14.6 Cercospora (Ascomycota)

14.6 Cercospora (Ascomycota)

Many species of this genus cause plant diseases, mostly of the ‘leaf spot’ variety. Leaf spots are rounded blemishes occurring on the leaves of the infected plants; a typical spot has a defined edge with a darker border and a central zone varying from yellow to brown. Numerous spots can merge together and the larger areas can be called blights or blotch diseases.

Cercospora is not the only cause of leaf spot diseases but it causes disease on: alfalfa, asparagus, banana, brassicas, Cannabis, carrot, celery, cereals, coffee, cucumber, figs, geraniums, grapes, grasses, hazel, hops, lentil, lettuce, mango, millet, orchids, papaya, peanut, pear, peas, peppers, potato, roses, sorghum, soybean, spinach, strawberry, sugar beet, sugarcane (the spots merge into stripes; so the disease is called ‘black stripe’), sycamore, tobacco, watermelon, and many wild plants and ornamentals.

Cercospora beticola is the most destructive leaf disease of sugar beet worldwide; the disease reduces yield and quality of sugarbeet and the need to use fungicide to control leaf spot disease adds significantly to the cost of production. C. beticola overwinters as stromata in infected crop residues and spores produced on these are the prime source of infection of the leaves of the next season’s crop (Khan et al., 2008).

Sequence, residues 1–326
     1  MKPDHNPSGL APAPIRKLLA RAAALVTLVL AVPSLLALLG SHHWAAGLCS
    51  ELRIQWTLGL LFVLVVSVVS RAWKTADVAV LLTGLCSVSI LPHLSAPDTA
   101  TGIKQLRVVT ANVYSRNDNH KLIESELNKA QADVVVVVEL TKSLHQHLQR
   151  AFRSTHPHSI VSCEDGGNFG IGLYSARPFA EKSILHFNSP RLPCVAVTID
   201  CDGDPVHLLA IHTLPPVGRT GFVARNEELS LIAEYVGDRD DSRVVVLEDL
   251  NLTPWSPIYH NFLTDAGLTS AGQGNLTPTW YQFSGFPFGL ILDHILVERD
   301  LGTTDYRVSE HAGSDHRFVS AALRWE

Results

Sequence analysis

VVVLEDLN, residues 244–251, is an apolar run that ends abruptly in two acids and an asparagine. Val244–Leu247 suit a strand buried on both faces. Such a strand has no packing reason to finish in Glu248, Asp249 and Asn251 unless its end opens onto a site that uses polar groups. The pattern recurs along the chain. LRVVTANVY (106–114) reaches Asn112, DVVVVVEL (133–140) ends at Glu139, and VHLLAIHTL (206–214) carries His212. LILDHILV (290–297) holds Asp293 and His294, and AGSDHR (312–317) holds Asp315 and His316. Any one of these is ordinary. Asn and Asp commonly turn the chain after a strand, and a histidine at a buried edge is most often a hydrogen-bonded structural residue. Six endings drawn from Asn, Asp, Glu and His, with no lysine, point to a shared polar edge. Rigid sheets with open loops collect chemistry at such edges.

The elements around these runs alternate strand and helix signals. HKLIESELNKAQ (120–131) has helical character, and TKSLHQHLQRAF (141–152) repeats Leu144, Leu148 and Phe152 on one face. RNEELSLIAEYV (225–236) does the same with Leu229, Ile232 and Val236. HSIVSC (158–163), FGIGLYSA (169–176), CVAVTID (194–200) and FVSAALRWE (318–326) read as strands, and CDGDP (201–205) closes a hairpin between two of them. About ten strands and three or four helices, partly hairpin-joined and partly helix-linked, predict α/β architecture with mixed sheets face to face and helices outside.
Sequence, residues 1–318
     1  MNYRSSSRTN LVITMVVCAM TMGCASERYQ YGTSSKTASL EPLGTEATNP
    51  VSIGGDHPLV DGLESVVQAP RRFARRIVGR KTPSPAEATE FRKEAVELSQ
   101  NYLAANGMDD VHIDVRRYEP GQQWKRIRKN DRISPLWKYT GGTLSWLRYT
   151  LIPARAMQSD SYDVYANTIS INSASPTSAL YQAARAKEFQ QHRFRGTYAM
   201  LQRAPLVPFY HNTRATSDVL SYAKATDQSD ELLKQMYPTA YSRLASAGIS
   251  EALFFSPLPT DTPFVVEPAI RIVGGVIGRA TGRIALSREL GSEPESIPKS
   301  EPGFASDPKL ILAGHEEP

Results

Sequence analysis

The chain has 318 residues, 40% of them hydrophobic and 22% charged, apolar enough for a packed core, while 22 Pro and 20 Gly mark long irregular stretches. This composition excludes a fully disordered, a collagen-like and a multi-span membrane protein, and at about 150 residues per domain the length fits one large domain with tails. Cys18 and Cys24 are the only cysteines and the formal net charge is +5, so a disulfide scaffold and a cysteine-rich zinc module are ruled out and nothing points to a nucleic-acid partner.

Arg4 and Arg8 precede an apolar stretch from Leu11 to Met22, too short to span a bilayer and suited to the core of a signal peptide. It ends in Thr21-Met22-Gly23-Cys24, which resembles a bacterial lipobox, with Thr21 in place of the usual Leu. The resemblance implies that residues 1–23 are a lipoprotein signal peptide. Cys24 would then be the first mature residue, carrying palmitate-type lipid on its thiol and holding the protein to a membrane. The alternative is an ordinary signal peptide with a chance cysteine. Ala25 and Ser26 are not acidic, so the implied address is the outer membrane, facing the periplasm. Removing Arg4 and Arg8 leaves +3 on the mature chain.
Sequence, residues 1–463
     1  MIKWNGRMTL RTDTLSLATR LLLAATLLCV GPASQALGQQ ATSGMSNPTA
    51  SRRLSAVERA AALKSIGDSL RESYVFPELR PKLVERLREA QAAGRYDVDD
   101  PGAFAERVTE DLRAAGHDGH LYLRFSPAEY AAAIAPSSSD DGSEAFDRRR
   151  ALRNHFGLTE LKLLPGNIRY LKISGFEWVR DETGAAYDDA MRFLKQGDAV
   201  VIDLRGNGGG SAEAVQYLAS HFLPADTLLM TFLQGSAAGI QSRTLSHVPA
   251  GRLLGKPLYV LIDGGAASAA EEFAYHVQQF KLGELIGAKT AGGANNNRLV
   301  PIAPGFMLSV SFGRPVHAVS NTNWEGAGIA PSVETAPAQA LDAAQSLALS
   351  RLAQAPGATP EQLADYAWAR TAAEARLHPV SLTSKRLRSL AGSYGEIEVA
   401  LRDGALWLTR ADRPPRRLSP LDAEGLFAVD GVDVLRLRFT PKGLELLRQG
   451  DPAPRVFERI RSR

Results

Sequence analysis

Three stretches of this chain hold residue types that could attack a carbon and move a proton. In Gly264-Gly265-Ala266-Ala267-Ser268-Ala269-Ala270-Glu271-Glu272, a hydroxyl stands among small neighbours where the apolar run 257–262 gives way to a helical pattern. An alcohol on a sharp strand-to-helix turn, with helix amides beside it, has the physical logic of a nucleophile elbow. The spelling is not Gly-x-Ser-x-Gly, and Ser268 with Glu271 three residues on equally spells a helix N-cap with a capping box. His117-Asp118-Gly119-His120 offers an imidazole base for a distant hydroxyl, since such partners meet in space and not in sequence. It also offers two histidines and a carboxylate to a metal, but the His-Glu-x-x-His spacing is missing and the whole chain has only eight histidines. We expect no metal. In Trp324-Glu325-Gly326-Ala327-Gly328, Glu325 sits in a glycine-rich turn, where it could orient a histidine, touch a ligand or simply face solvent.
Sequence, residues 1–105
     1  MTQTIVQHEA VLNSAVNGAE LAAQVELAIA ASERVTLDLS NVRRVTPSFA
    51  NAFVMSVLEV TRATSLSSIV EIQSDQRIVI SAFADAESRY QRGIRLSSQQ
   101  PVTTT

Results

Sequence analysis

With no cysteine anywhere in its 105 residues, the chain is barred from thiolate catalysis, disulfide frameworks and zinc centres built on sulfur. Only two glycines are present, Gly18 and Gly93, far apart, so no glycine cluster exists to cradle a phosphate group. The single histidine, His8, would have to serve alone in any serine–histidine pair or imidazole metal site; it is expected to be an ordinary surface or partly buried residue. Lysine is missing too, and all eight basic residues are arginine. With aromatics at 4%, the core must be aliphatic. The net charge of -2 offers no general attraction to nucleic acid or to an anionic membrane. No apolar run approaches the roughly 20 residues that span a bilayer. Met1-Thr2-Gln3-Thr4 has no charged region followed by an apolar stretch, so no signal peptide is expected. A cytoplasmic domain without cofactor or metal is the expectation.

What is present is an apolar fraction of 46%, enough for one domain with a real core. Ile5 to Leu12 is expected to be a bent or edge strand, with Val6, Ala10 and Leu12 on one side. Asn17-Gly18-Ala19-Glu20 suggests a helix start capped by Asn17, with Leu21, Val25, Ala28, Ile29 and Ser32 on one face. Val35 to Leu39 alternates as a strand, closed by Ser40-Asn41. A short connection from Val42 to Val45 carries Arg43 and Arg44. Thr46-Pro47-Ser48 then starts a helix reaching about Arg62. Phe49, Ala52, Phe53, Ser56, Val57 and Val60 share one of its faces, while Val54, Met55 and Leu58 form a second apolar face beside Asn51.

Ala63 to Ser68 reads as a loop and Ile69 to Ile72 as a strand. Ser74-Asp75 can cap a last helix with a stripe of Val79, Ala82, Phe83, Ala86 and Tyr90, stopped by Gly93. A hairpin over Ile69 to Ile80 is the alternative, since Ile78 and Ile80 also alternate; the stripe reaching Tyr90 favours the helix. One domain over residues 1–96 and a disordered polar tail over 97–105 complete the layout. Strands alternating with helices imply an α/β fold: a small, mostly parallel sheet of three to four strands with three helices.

Disease control strategies rely on a combination of fungicide applications (alternating and combining fungicides differing in modes of action to avoid resistance development in the fungus), growing resistant cultivars, and appropriate crop rotation (to avoid the overwintering stromata).

Improvement of these integrated pest management systems is the main hope, now, for more effective and environmentally sound disease control. Plant varieties with greater genetic resistance is central to this, but pathogen-resistant strains often have lower yields in the absence of the disease, which is unacceptable in commercial practice. Promisingly, yield performance of recently isolated sugar beet varieties with resistance to Cercospora beticola have equalled yields of susceptible varieties and should allow reduced fungicide to be use in integrated pest management programmes (Skaracis et al., 2010; Vogel et al., 2018).

Resources Box 14.1

Where to find more information about crop diseases, crop losses, plant pathogens and food and agriculture statistics

We have a page giving references to scientific papers and hyperlinks to online resources.

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Updated July, 2018